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Writing our way to sustainable economies? How academic sustainability writing engages with capitalism

In this paper I explore the ways that academic sustainability writing engages with economic systems and consider the performative effects of these modes of engagement. Using capitalist realism and capitalocentrism, I define three mechanisms by which non-capitalist futures are foreclosed: 1) Actively Recreating Capitalism – where industries like advertising actively seek to recreate and reinforce capitalist values. 2) Capitalism Unseen – where capitalism is perceived as natural and synonymous with all economic forms. 3) Making a Monolith of Capitalism, where anti-capitalist writers focus so much on capitalism that they make it appear undefeatable. Examining the frequency of different terms used by academic sustainability writers when talking about economic systems, and looking at two different uses of the term ‘capital’ I argue that academic sustainability writers engage with and are influenced by these mechanisms in different ways. Currently, there is a substantive body of academic sustainability writing that contributes to Capitalism Unseen. However, there are also strands of work that emphasis discontinuity and change within economic systems. I argue that such work provides a model for escaping Capitalism Unseen and avoiding Making a Monolith of Capitalism.

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Is Population Crucial for Degrowth?

Population size is inextricably linked to the ideal of achieving a sustainable and dignified ethos for all living beings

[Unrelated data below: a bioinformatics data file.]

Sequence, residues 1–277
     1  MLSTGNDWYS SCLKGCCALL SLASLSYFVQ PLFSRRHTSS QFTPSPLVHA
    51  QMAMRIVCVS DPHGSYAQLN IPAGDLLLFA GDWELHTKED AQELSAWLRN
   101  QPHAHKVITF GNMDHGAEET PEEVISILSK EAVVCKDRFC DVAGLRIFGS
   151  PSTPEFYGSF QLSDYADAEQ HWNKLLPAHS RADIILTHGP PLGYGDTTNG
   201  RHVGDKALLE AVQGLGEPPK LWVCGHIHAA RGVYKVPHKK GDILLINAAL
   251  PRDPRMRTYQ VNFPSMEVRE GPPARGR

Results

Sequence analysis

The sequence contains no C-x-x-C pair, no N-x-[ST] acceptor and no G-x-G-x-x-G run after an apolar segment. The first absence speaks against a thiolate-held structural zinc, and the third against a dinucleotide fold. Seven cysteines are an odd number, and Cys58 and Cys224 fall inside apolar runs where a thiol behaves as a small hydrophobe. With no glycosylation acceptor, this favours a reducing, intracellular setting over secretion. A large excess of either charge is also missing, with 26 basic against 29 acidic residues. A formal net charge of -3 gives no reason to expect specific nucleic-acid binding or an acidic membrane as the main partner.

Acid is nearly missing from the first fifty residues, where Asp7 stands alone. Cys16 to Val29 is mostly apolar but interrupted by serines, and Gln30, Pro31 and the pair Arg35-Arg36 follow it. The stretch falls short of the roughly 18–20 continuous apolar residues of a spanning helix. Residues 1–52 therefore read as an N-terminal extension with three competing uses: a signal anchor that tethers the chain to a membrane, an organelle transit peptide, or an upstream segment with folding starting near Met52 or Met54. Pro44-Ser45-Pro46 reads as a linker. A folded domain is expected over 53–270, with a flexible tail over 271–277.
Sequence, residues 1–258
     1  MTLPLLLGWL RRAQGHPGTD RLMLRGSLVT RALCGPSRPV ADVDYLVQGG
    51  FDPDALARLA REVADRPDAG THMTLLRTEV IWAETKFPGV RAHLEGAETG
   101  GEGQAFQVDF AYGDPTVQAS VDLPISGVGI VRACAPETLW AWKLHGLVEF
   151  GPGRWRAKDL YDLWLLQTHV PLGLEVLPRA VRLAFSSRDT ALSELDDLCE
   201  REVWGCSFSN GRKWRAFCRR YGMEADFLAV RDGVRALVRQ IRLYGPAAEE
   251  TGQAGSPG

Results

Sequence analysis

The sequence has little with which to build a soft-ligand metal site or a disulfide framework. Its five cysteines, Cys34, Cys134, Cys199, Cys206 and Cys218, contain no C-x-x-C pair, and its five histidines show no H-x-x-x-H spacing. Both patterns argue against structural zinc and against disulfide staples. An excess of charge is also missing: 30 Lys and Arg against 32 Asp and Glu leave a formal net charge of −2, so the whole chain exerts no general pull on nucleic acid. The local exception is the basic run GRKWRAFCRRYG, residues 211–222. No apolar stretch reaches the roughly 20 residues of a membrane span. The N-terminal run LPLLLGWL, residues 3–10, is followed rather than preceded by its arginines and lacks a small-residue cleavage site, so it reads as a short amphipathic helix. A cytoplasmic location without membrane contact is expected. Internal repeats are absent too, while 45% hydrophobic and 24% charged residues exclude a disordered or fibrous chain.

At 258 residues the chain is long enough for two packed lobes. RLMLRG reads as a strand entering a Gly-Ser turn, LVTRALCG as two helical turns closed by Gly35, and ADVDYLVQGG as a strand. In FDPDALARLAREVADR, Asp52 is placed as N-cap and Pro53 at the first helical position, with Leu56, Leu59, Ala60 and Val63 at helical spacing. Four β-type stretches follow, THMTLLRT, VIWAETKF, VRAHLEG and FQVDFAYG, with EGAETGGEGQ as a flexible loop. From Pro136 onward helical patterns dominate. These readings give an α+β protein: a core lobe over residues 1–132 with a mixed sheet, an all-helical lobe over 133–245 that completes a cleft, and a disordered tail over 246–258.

The vision of most degrowth proponents is to gradually yet radically decrease energy consumption and all earth’s resources until we reach a truly sustainable stationary/steady-state ethos. In such a state, the consumption levels by the planet’s inhabitants would enable our “home” to replenish what we need to secure and preserve dignified conditions in our existence, allowing all living things to reproduce and enjoy our lives sustainably. To succeed, humans need to embark on a degrowth transition that builds a radically different paradigm that replaces its exact opposite, capitalism.

A safe and just transition to a sustainable paradigm, which I have called Geocratia (“Government by the Earth”), since my paper on the subject of 2020, can only succeed by drastically decreasing our ecological footprint, by decreasing our consumption of energy and CO2 emissions. This inevitably entails drastically reducing our consumption of the Earth’s resources. To achieve this, we must not only replace the capitalistic system of sheer production/consumption but reduce the human population, tantamount to billions of people that capitalism utilises as billions of consumer units to fulfil its nature.